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Google Cloud COO Diane Bryant Exits After 7 MonthsGoogle Cloud COO Diane Bryant Exits After 7 Months

She was a rising star at Intel. Is she headed back for the vacant CEO job?

Mitch Wagner

July 3, 2018

2 Min Read
Google Cloud COO Diane Bryant Exits After 7 Months

Maybe she didn't like the company cafeteria? Diane Bryant, a former rising star at Intel who decamped to become Google Cloud's COO seven months ago, is once again taking her red stapler and heading out the door.

Bryant joined Google (Nasdaq: GOOG) Cloud in December, after spending 32 years at Intel Corp. (Nasdaq: INTC), most recently heading its data center group, which booked $17 billion in revenue in 2016 -- 29% of Intel's total sales, second only to the Client Computing Group, which includes PC processors. (See Intel's Diane Bryant Jumps Over to Google Cloud.)

"We can confirm that Diane Bryant is no longer with Google," the company said in an email statement. "We are grateful for the contributions she made while at Google and we wish her the best in her next pursuit."

Bryant was number two at Google Cloud, reporting to CEO Diane Greene. Her presence at Google was a big deal in helping the company gain enterprise cred, as it strives for more cloud market share from its position a distant third behind Amazon Web Services and Microsoft.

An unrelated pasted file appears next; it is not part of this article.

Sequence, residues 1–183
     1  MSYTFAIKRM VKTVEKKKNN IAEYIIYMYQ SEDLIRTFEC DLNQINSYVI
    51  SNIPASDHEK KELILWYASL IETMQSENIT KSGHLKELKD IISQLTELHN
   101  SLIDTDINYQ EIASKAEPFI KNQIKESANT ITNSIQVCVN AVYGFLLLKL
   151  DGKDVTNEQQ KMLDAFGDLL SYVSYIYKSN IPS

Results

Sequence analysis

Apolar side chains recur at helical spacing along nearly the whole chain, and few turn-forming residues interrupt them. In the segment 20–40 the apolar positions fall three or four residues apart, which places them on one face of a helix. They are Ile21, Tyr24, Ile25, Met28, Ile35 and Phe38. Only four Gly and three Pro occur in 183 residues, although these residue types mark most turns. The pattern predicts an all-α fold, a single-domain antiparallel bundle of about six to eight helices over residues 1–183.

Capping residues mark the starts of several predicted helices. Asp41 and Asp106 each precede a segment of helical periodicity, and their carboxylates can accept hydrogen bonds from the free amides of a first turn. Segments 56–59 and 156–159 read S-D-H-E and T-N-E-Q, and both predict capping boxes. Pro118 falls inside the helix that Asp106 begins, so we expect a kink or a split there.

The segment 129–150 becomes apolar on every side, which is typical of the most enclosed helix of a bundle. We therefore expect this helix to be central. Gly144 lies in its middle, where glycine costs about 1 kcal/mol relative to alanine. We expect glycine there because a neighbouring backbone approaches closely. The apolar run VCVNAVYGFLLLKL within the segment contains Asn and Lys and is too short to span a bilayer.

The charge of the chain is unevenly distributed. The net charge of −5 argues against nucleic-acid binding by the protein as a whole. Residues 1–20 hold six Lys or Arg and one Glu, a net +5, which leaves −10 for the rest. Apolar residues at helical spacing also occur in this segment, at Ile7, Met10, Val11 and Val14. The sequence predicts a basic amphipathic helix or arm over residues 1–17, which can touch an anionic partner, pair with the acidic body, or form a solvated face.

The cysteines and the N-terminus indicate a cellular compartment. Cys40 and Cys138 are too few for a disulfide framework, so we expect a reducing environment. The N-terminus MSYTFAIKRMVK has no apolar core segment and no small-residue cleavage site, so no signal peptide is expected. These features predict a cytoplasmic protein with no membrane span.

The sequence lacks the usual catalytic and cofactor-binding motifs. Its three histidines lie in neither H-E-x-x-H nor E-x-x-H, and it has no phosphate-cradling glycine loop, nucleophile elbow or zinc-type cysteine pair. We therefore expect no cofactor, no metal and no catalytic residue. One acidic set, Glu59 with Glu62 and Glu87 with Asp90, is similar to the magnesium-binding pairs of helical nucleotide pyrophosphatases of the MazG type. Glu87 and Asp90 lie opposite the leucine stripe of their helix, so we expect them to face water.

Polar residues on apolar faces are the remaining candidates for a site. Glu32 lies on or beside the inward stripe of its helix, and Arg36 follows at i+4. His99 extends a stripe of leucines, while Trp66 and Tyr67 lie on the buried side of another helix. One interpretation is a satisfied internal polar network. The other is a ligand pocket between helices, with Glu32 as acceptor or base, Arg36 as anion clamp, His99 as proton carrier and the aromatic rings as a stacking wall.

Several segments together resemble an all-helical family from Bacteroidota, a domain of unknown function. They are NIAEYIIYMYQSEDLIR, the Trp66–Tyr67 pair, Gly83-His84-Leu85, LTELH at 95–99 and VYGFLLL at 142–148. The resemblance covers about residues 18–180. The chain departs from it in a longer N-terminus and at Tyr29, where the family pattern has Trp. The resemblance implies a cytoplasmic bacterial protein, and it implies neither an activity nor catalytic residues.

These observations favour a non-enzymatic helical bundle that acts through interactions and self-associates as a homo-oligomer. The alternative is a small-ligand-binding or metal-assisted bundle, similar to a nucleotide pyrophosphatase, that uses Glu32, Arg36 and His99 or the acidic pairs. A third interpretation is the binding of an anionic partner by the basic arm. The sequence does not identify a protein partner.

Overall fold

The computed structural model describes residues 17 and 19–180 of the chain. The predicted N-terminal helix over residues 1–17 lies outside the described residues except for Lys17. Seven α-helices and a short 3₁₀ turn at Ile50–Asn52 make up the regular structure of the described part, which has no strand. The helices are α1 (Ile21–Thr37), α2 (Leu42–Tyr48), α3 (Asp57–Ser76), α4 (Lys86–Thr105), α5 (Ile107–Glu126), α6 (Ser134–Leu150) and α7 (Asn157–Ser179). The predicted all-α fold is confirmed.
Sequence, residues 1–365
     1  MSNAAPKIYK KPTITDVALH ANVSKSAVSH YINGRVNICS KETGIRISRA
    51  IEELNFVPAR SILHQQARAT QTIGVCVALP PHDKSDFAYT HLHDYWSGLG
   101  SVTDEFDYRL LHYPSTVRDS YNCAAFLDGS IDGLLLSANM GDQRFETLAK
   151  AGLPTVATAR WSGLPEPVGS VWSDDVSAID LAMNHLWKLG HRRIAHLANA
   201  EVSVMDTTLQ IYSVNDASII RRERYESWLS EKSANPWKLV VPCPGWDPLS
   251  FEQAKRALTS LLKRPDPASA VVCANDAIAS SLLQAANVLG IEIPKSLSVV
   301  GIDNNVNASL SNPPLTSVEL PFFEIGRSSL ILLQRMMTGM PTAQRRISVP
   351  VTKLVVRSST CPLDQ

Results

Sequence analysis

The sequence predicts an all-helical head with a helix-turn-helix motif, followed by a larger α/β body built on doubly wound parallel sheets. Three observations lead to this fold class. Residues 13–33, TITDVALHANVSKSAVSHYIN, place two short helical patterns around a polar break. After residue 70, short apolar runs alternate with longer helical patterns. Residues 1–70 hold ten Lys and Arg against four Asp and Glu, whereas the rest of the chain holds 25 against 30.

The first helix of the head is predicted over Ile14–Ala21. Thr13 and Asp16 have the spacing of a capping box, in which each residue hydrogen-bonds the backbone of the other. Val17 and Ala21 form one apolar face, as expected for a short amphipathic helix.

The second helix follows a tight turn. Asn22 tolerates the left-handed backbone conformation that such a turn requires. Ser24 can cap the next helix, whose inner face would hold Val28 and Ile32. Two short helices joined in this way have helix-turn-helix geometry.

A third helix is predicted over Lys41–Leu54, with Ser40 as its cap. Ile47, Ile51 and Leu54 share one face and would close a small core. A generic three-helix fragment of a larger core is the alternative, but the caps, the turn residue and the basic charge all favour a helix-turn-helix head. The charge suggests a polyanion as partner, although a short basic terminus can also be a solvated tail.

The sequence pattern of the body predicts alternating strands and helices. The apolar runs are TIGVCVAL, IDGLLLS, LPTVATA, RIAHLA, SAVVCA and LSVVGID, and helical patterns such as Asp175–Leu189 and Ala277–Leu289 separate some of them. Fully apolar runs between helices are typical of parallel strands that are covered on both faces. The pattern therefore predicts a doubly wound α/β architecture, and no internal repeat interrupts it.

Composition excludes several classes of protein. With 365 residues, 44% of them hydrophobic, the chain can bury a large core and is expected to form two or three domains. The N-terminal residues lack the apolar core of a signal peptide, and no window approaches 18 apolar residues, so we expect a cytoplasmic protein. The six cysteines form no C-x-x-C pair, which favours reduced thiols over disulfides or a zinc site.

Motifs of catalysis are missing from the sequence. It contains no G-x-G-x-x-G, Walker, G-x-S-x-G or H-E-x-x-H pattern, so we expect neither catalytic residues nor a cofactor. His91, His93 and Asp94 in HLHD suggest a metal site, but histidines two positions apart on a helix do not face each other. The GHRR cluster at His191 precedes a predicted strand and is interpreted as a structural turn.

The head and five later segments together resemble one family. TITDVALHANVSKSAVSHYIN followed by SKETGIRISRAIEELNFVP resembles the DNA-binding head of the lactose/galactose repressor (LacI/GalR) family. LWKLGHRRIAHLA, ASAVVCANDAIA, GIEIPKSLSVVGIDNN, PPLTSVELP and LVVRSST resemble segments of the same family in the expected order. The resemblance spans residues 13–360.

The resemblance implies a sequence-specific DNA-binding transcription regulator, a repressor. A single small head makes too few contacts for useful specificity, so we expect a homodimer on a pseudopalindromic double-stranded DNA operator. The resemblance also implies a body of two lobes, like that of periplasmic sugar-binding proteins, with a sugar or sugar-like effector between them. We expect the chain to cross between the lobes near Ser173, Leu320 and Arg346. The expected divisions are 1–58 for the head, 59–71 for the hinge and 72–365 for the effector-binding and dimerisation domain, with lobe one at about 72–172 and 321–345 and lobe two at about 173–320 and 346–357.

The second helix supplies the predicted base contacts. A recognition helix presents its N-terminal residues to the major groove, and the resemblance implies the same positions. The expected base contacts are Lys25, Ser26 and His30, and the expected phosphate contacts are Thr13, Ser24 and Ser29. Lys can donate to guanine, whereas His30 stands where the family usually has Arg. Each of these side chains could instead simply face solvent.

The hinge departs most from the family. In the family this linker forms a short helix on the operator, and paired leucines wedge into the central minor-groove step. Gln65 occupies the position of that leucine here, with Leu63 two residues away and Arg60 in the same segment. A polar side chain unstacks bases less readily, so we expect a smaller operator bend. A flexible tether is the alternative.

Figure 1: Diane Bryant, ex-Intel, ex-Google Diane Bryant, ex-Intel, ex-Google

About the Author(s)

Mitch Wagner

Executive Editor, Light Reading

San Diego-based Mitch Wagner is many things. As well as being "our guy" on the West Coast (of the US, not Scotland, or anywhere else with indifferent meteorological conditions), he's a husband (to his wife), dissatisfied Democrat, American (so he could be President some day), nonobservant Jew, and science fiction fan. Not necessarily in that order.

He's also one half of a special duo, along with Minnie, who is the co-habitor of the West Coast Bureau and Light Reading's primary chewer of sticks, though she is not the only one on the team who regularly munches on bark.

Wagner, whose previous positions include Editor-in-Chief at Internet Evolution and Executive Editor at InformationWeek, will be responsible for tracking and reporting on developments in Silicon Valley and other US West Coast hotspots of communications technology innovation.

Beats: Software-defined networking (SDN), network functions virtualization (NFV), IP networking, and colored foods (such as 'green rice').

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